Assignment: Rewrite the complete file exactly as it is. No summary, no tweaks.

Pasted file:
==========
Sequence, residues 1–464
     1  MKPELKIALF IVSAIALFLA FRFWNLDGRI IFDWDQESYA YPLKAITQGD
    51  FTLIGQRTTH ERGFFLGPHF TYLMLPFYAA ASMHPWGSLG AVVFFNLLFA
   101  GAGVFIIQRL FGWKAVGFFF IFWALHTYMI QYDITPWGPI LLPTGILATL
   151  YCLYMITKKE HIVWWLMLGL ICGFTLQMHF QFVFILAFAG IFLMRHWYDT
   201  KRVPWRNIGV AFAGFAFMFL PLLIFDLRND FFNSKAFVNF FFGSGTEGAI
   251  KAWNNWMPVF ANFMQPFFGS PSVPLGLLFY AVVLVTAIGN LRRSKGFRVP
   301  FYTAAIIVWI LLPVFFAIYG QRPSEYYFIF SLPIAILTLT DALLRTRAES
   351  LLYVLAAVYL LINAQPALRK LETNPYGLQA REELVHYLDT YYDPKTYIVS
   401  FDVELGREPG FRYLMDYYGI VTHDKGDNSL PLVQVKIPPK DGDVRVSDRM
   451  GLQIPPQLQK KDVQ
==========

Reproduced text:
Sequence, residues 1–464
     1  MKPELKIALF IVSAIALFLA FRFWNLDGRI IFDWDQESYA YPLKAITQGD
    51  FTLIGQRTTH ERGFFLGPHF TYLMLPFYAA ASMHPWGSLG AVVFFNLLFA
   101  GAGVFIIQRL FGWKAVGFFF IFWALHTYMI QYDITPWGPI LLPTGILATL
   151  YCLYMITKKE HIVWWLMLGL ICGFTLQMHF QFVFILAFAG IFLMRHWYDT
   201  KRVPWRNIGV AFAGFAFMFL PLLIFDLRND FFNSKAFVNF FFGSGTEGAI
   251  KAWNNWMPVF ANFMQPFFGS PSVPLGLLFY AVVLVTAIGN LRRSKGFRVP
   301  FYTAAIIVWI LLPVFFAIYG QRPSEYYFIF SLPIAILTLT DALLRTRAES
   351  LLYVLAAVYL LINAQPALRK LETNPYGLQA REELVHYLDT YYDPKTYIVS
   401  FDVELGREPG FRYLMDYYGI VTHDKGDNSL PLVQVKIPPK DGDVRVSDRM
   451  GLQIPPQLQK KDVQ